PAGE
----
According to a study conducted by NYU researchers, people who paid with their Electronic Benefit Transfer cards purchased more fruits and vegetables at NYC Green Carts.
NYC Green Carts are mobile fruit and vegetable carts that were created by the New York City Health Department when it identified several high needs areas where fruit and vegetable consumption was low, possibly due to limited access.
The study began in 2013, when the New York City Health Department was just starting to equip the Green Carts with technology that could accept EBT cards, which let people pay with Supplemental Nutrition Assistance Program Benefits, which is government assistance for purchasing food. It concluded that people who paid with EBT cards bought 5.4 more fruits and vegetables per transaction than those who paid with cash.
NYU Wagner doctoral candidate Andrew Breck was one of the researchers of the study, who worked with NYU professor Brian Elbel from Wagner, the senior investigator of the study.
“We were doing customer surveys at four of these Green Carts and all of the green carts that we were looking at were in the Bronx,” Breck said. “Between 2013 and 2014 we talked to almost 800 of these customers — 779.”
Courtney Abrams, a member of the research team and co-author of the paper, said that the data collection process was smooth.
“I think our data collectors enjoyed doing this work,” Abrams said. “The vendors and the customers were friendly and willing to help with the study. The customers received a single ride MetroCard as a thank you.”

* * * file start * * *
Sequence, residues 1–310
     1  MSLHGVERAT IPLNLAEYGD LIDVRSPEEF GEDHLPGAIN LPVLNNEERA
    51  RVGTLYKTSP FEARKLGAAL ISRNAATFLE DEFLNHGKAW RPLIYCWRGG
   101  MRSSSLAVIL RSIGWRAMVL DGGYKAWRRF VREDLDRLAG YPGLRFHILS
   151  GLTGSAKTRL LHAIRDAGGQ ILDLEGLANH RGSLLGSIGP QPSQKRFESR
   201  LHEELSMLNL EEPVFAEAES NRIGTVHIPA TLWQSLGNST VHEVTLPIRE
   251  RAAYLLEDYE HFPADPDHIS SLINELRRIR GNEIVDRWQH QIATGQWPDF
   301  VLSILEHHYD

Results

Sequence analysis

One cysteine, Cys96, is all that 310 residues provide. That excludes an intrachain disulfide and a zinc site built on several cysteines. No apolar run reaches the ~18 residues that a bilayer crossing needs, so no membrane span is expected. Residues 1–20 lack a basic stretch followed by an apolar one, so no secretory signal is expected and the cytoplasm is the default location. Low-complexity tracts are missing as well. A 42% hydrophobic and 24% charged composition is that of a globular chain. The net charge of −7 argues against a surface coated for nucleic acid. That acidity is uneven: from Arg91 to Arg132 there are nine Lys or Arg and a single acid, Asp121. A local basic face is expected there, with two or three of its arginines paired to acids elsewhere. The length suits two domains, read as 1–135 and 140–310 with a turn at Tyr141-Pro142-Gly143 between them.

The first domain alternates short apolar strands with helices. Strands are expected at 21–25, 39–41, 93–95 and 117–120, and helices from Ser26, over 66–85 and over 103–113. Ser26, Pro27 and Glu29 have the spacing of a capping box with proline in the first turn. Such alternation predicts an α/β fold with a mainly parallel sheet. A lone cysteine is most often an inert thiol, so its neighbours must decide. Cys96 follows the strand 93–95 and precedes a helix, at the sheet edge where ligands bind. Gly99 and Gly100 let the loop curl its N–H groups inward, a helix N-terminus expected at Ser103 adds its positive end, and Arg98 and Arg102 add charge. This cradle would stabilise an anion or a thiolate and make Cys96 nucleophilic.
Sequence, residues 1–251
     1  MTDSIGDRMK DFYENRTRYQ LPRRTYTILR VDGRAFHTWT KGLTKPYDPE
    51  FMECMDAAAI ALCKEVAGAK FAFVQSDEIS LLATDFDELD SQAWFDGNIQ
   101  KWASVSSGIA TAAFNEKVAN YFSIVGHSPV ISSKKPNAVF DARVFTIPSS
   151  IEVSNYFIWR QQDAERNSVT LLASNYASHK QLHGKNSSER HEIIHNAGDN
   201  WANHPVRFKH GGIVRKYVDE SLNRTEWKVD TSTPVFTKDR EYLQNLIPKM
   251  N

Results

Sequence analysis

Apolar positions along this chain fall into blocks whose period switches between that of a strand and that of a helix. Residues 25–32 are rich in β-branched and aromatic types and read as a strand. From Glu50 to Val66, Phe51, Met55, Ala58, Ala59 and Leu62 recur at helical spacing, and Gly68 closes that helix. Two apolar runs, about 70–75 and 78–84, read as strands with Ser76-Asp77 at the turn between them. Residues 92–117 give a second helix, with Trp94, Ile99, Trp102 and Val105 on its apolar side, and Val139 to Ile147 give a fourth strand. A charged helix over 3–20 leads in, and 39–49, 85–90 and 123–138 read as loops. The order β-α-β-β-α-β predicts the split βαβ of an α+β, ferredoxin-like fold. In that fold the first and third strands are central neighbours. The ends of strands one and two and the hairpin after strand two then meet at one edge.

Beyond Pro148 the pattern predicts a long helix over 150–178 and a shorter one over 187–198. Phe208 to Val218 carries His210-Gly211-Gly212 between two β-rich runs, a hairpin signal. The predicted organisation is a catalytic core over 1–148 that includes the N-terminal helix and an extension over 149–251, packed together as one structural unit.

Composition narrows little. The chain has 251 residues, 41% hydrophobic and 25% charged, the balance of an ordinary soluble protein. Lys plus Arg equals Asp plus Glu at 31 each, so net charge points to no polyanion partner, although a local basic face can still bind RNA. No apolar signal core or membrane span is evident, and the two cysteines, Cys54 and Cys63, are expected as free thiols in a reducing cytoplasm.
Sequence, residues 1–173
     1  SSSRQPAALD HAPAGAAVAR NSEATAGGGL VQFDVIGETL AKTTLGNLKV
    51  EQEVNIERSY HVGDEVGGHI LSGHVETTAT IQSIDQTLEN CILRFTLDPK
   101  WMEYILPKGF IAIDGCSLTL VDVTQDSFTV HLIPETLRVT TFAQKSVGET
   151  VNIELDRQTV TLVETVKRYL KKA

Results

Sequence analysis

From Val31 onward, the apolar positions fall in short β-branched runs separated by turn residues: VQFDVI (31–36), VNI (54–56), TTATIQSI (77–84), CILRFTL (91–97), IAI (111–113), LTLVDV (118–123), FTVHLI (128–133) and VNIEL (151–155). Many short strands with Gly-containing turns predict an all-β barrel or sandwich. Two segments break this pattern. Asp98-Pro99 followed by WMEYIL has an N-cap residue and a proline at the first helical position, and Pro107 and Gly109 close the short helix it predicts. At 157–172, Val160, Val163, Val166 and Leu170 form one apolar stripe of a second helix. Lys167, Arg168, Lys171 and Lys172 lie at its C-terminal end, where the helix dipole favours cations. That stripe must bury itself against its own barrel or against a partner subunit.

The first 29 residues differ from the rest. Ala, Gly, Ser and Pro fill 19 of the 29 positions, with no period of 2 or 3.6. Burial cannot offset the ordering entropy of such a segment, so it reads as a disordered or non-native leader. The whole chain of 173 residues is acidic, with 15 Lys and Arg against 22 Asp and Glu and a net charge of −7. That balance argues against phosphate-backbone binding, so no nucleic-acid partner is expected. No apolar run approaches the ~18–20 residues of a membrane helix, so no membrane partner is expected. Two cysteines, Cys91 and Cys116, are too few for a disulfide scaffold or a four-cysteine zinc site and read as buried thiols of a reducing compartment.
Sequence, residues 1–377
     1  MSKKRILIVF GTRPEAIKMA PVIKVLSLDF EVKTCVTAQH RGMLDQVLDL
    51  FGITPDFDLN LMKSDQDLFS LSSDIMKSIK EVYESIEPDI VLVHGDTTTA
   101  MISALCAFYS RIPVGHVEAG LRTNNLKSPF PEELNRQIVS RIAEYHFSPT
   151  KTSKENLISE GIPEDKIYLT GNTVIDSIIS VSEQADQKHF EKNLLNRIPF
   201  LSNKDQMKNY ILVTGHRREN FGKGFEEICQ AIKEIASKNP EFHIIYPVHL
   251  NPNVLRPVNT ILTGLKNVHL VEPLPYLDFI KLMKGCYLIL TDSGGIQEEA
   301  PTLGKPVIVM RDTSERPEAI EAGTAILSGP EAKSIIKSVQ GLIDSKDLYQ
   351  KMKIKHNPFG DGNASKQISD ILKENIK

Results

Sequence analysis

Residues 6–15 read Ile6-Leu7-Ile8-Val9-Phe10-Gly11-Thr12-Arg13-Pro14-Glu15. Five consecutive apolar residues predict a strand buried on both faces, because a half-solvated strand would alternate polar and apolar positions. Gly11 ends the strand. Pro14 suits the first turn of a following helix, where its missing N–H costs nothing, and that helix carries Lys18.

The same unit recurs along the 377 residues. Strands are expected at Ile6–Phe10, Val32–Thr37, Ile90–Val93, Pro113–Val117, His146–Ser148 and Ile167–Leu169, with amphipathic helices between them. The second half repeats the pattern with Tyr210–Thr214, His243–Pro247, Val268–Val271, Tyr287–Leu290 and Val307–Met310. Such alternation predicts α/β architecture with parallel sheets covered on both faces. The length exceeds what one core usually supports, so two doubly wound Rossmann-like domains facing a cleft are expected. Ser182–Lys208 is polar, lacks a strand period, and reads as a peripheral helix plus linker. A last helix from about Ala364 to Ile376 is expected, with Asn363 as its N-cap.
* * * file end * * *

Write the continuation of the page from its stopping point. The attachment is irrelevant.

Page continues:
Breck said that most of the Green Cart vendors were very appreciative of the EBT machines.
“[The vendors] were very enthusiastic about having the EBT machines,” Breck said. “They were convinced that EBT machines were worth the cost. Anecdotally I think having the machines there helped.”
However, Kamila Kiszko, a member of the research team and co-author of the paper, said that it was difficult for many vendors to obtain an EBT machine.
“We found that it is extremely hard for these vendors to actually get EBT machines, because they’re expensive, Kiszko said. “They actually have to get training to get them set up and to be able to use them, so it’s a great thing for them to have, but it’s not necessarily easy to have. We also found that a lot of them who we wanted to include in the study ended up not being eligible because of the difficulties of obtaining the EBT machines.”
Kiszko said that she encouraged NYU students who were interested in public health issues to go out into the field to work in the community.
“A lot of the people who have collected data for us in the past, a number of them have been students, and it was a very eye-opening experience for them to see how to make a small project happen that could potentially impact bigger policy in the future,” Kiszko said. “My biggest advice would be to go out in the field and see what it’s like working in that community, what it’s like talking to young people in the community and what it’s like gathering information and what their needs are and seeing how the information could potentially impact policy in the future.”
Email Herman Lee at [email protected]